2006 Ford Fusion V6 SEL Review
According to Astrology-Online.com, a Taurus exhibits “solidity, practicality and extreme determination—no one will ever drive them…” Well, plenty of people drove the Ford Taurus over its nearly two-decade run, but towards the end, most weren’t very happy about it. The car that once dominated the mid-sized car market was being crushed by the Honda Accord and Toyota Camry in almost every way, while mostly being kept afloat by fleet sales and Hertz Rent a Car. The Taurus is finally departing this world for the big zodiac in the sky and being replaced by the Ford Fusion; a mid-sized American family sedan that is actually fun to drive, good looking and a real alternative to the two Japanese powerhouses.
The main reason for the Fusion’s high marks in the ride and handling department is its platform shared with the accomplished Mazda 6. In addition to featuring the same 221-horsepower V6, the Fusion offers the 6’s taut, responsive steering that gives the driver feedback never possible in the snoozefest Taurus. While it’s not as quick as the V6 Camry or Accord, the Fusion certainly isn’t slow, offering decent highway passing power and ample around-town torque. Fuel economy is on par with other mid-size V6 sedans, but those looking for better than 21 city, 29 highway, a 160-horsepower four-cylinder model is available. Better still, a Fusion Hybrid will debut in 2008.
The interior is surprisingly very good, with quality materials used throughout that mimic those in its Mazda brother and its European Ford cousins. Comfy leather seats, attractive “piano black” trim and chrome analog clock add a spot of class without resorting to the ubiquitous fake wood found in the Five Hundred. The only hiccups seem to be the woefully dull gauges, and the generic Ford radio face plate that looks and feels cheap—both of which seem out of place in the otherwise impressive cabin.
Ford thankfully decided to steer clear of the “everything for everyone” styling typical of most family sedans. Although not as radical as the bizarre “wonderful world of ovals” ’96 Taurus, the Fusion is edgy and distinct, offering customers an attractive alternative to the mundane. The front fascia’s lateral chrome bars are a flashy, yet tasteful design element that will find its way onto future Fords, including the upcoming Edge SUV. The rear end is a frumpy, though, and the clear-lens taillights looks tacked on, but remember that any disagreeable styling cues can be remedied by choosing the Fusion’s mechanically identical twin, the Mercury Milan, that sports a different grille and taillight design. So similar are the two cars, that in true badge engineering tradition, even this article could double for the Mercury version—albeit with the words “Fusion” and “Taurus” replaced by “Milan” and “Sable.” OK, so maybe not the zodiac stuff.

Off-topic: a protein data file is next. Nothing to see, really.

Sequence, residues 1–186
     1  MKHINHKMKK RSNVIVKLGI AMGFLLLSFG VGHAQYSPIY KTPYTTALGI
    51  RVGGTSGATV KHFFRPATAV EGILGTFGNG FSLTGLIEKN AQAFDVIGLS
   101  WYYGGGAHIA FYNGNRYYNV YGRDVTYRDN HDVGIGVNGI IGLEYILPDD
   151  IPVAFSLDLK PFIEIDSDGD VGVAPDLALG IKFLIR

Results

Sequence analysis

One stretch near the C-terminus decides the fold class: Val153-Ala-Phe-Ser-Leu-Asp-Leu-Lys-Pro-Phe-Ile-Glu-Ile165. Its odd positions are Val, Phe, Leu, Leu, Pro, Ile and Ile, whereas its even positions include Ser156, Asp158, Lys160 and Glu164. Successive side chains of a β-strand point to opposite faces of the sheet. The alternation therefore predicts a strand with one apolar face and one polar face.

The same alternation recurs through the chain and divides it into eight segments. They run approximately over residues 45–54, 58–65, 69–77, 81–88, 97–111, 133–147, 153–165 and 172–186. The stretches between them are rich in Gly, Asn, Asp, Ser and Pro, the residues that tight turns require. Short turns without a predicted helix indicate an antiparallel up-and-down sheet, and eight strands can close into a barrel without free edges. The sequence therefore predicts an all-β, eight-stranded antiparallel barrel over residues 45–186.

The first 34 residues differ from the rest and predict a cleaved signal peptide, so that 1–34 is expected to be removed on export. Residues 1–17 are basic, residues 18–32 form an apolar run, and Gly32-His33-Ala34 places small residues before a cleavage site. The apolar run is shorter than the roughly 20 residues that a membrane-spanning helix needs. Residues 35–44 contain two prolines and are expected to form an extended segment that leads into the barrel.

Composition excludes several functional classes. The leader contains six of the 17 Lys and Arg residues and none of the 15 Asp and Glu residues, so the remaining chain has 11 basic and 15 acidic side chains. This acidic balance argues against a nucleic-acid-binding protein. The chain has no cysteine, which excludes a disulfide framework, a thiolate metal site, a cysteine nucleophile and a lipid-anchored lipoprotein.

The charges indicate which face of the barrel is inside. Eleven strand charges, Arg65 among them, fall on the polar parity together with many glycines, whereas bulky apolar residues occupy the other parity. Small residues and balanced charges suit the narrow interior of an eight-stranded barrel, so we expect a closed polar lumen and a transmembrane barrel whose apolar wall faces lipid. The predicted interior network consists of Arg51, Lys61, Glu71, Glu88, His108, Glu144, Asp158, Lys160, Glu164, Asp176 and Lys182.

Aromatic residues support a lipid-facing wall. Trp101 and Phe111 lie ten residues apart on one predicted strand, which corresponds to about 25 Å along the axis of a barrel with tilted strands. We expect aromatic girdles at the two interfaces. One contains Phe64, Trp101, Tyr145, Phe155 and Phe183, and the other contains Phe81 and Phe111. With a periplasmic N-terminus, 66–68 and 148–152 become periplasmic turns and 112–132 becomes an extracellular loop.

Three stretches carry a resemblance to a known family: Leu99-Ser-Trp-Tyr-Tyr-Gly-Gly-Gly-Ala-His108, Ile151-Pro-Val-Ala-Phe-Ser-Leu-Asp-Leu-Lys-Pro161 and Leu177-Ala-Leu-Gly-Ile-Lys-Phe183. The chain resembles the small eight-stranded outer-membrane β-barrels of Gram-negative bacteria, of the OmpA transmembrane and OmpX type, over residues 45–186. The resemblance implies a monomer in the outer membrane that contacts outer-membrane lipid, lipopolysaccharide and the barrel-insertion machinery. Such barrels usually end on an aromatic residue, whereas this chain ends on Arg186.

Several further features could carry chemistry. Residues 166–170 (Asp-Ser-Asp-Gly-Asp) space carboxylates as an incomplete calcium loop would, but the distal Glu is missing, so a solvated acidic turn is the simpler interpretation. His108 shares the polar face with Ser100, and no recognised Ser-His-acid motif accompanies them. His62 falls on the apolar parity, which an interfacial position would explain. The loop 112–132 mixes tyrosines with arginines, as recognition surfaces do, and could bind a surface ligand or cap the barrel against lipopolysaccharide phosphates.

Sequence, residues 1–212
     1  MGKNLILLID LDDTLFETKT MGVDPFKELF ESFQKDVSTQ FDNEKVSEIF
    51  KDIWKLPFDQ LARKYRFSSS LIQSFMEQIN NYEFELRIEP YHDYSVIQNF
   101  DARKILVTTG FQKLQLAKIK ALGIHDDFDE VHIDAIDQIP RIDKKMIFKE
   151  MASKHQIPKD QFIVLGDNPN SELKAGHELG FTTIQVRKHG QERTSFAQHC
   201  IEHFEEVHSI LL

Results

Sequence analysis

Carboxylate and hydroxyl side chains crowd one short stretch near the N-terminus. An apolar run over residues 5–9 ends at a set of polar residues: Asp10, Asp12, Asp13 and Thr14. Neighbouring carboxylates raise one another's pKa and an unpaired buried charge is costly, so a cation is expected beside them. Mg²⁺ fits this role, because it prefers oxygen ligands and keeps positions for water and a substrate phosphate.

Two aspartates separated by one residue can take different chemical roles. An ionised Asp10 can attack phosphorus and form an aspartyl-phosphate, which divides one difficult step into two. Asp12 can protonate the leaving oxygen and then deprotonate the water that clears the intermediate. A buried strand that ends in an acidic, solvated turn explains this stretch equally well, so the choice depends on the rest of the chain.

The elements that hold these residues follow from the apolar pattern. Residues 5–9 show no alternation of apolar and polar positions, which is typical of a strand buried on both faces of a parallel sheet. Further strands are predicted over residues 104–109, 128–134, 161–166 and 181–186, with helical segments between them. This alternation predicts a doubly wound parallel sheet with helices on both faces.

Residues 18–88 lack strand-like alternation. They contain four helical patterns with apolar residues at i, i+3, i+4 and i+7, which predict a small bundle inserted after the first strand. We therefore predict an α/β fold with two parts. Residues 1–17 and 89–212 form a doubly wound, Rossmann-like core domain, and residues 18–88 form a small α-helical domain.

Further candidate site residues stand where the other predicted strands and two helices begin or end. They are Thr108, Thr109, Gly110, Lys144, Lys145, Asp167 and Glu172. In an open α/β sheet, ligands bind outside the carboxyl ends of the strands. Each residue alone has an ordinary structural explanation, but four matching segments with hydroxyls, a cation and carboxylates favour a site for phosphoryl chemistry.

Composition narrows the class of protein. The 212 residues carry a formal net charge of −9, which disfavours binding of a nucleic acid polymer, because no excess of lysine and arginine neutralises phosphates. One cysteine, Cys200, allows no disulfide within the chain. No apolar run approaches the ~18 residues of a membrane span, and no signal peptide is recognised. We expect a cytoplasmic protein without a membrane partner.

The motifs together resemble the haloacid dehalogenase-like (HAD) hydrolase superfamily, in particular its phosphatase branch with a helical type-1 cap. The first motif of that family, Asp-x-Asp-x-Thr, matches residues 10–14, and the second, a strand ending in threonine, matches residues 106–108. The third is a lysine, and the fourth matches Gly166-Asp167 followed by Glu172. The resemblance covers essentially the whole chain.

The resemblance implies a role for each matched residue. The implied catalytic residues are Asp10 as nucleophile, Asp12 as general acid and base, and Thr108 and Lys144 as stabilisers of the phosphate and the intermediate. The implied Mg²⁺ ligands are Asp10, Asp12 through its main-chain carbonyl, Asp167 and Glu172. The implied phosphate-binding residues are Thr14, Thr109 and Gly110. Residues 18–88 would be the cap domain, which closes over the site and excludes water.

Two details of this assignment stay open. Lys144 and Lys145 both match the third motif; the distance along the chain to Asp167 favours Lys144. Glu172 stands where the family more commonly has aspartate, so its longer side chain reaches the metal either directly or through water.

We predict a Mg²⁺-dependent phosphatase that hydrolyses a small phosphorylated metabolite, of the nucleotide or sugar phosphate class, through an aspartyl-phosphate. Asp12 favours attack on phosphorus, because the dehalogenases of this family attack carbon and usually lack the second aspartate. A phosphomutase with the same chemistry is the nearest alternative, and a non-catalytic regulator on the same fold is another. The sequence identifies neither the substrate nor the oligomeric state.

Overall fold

The Ford Fusion is a spiritual successor to the original award-winning Taurus that was gobbled up by the masses. The world of mid-size family sedans has radically changed since those days and the Fusion faces an uphill battle against its foreign competition, but Ford has trained a decent soldier. Thus far, sales have been strong and the blue oval hasn’t been forced to throw enticing factory incentives at it to clear dealer lots. The Fusion does what a good family mobile should do (lots of room, affordable price, well-built), while adding a little driving excitement and style to the mix. It too is solid, practical and perhaps determined, but unlike the late Taurus, people will actually want to drive it.
Warranty/Service: 3-year/36,000-mile basic warranty; 3-year/36,000 powertrain warranty.